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An individual, of no great importance, who is unable to the see the natural world as a place for competition. I catch fish, watch birds, derive immense pleasure from simply looking at butterflies, moths, bumble-bees, etc - without the need for rules! I am Dylan and this is my blog - if my opinions offend? Don't bother logging on again - simple!

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Sunday, 23 December 2012

Cage and Aviary birds

A male Fawn Java Sparrow - note the bulge on the top of its' beak
It would have been around 1967 that I first started to keep birds. Maureen Young, a friend of my parents, was kind enough to give me a pair of Zebra Finches and I was away. This first venture into the hobby was relatively short-lived and by the time I'd left school (1974) the aviary had out-lived its' novelty. However, what I do recall about this period was the ease with which foreign finches could be brought. There was a thriving industry based upon the capture and transportation of huge numbers of African, Asian and (possibly?) Australian wild birds.
A visit to a pet shop anywhere in the UK was to see rows of cages housing pathetic, fluttering, frightened "exotic species" which had, just a few days earlier been flying wild in some foreign country. I remember travelling to Toddington (Junction 12 on the M1) with my father to visit a massive, well it seemed massive at that time in my life,retail outlet where there were 1000's of birds for sale. I recall various species of Waxbill, Whydah, Weaver Birds and Finches available for a few shillings each!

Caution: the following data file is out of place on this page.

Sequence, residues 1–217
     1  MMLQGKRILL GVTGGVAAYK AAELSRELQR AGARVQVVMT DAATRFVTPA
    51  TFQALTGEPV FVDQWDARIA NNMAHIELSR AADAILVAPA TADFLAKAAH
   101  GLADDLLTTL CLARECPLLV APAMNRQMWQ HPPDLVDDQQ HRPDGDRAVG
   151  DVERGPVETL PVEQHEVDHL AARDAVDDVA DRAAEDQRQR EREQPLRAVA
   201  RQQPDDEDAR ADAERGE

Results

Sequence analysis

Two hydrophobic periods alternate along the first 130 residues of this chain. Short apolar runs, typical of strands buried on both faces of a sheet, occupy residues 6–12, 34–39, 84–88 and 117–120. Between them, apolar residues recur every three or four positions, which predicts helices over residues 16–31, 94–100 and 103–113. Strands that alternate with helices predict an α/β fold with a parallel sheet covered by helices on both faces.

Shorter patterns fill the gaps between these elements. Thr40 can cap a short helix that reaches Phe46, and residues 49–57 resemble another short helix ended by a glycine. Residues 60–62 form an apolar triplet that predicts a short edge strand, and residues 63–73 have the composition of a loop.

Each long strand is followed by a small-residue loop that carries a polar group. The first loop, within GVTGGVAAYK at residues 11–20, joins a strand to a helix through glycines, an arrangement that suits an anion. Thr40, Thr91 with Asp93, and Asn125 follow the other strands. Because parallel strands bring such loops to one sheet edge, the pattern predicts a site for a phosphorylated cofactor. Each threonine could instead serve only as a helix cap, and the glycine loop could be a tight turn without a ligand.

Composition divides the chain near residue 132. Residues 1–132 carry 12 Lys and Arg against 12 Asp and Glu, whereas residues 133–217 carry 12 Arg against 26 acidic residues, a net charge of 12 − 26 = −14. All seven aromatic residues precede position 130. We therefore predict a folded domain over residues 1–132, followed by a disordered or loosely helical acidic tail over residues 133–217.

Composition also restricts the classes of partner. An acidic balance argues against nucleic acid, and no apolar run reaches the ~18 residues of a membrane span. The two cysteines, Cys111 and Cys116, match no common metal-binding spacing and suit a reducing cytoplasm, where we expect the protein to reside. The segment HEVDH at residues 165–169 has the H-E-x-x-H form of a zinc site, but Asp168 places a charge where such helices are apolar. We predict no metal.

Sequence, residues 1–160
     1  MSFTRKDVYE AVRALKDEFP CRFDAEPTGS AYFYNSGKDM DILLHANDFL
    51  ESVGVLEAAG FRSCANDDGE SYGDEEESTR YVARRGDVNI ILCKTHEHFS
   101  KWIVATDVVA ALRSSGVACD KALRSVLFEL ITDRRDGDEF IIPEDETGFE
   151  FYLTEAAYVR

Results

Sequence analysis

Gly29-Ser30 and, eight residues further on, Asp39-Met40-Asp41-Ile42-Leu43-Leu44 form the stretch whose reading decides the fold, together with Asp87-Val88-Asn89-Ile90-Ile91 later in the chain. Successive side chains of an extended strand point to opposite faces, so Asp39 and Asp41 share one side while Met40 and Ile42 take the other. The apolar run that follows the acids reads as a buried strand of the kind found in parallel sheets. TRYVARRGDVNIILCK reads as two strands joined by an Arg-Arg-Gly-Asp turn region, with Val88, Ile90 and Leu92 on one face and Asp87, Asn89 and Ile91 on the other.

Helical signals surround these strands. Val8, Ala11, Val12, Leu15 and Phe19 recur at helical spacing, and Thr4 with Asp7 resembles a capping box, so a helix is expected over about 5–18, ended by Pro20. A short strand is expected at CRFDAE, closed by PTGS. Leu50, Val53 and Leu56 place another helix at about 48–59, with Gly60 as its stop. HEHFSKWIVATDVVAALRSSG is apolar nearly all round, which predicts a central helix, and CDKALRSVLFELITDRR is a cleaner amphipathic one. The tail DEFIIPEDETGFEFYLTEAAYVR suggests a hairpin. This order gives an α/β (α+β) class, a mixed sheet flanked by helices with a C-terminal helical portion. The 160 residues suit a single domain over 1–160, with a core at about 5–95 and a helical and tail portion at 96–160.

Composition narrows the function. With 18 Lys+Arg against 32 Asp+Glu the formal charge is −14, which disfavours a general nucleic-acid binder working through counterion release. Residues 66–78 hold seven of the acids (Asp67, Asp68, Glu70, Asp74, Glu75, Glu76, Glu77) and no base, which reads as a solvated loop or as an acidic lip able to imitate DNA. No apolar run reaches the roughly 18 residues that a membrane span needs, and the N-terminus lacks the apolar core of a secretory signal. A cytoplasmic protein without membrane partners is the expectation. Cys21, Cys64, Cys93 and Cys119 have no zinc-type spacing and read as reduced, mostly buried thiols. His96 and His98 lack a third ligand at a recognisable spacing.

A Normal (wild grey), an Opaline and a Silver - fantastic birds
Thankfully all this has now been consigned to the history books and any trade in wild birds is strictly licensed and generally only possible with scientific research/captive breeding as its' purpose. As a spin off from all this is now the fact that cage birds are now highly prized and must have come from a sustainable aviary-bred source. If I so desired to purchase Waxbills or Weaver Birds I would expect to have to part with £100's rather than the paltry sums of yesteryear.
I didn't return to bird keeping until after Bev and I were married, for some reason - and on a whim, she brought me a pair of Zebra Finches which were housed in a small cage in my study. I called them Posh & Becks and said to Bev that I would breed them. Within four months I had seven Zebra Finches, in two cages, in my study and the resultant mess ensured that my plan to build an aviary was a goer! Bev now wanting those "messy sods" out of the house. A few weeks, and £450, later I was the proud owner of a nice new aviary with a splendid flight and separate indoor feeding area. My Zebra Finches were soon joined by three Java Sparrows which were purchased from "Vanishing World" on the Wildwood site at Herne Hill.
My favourite colour variety - an Opaline (this one's a female)
Sadly my Zebra Finches didn't take too kindly to their new surroundings and within a year I had lost them all to the cold and damp of our English winters. My Javas, on the other hand, loved it and were thriving. My colony has grown, new genes were introduced and youngsters moved to other aviaries around Thanet, so that I am now the keeper of a very healthy flock of these Indonesian birds with four colour variants in the group. I get massive amounts of pleasure from watching their antics, they are as close to wild birds as they can be. There is no additional heat provided during the winter and they brave the elements as they would have to if they were wild birds. As a flock, they react to any alarm signals given by the wild garden birds, a mass panic and rush inside greets the overhead predator alarm of the local Blackbirds, Blue Tits and House Sparrows. Cats are occasionally a problem, although one or two of the youngsters seem to enjoy playing with them when they get on the flight roof. There is a great deal of pleasure to be had from watching these birds and I am often surprised by the learning opportunities that arise which have value when I'm out in the field.

1 comment:

  1. Good to see you back Dyl.
    I only have 3 Javas left plus the pair of Turacos'

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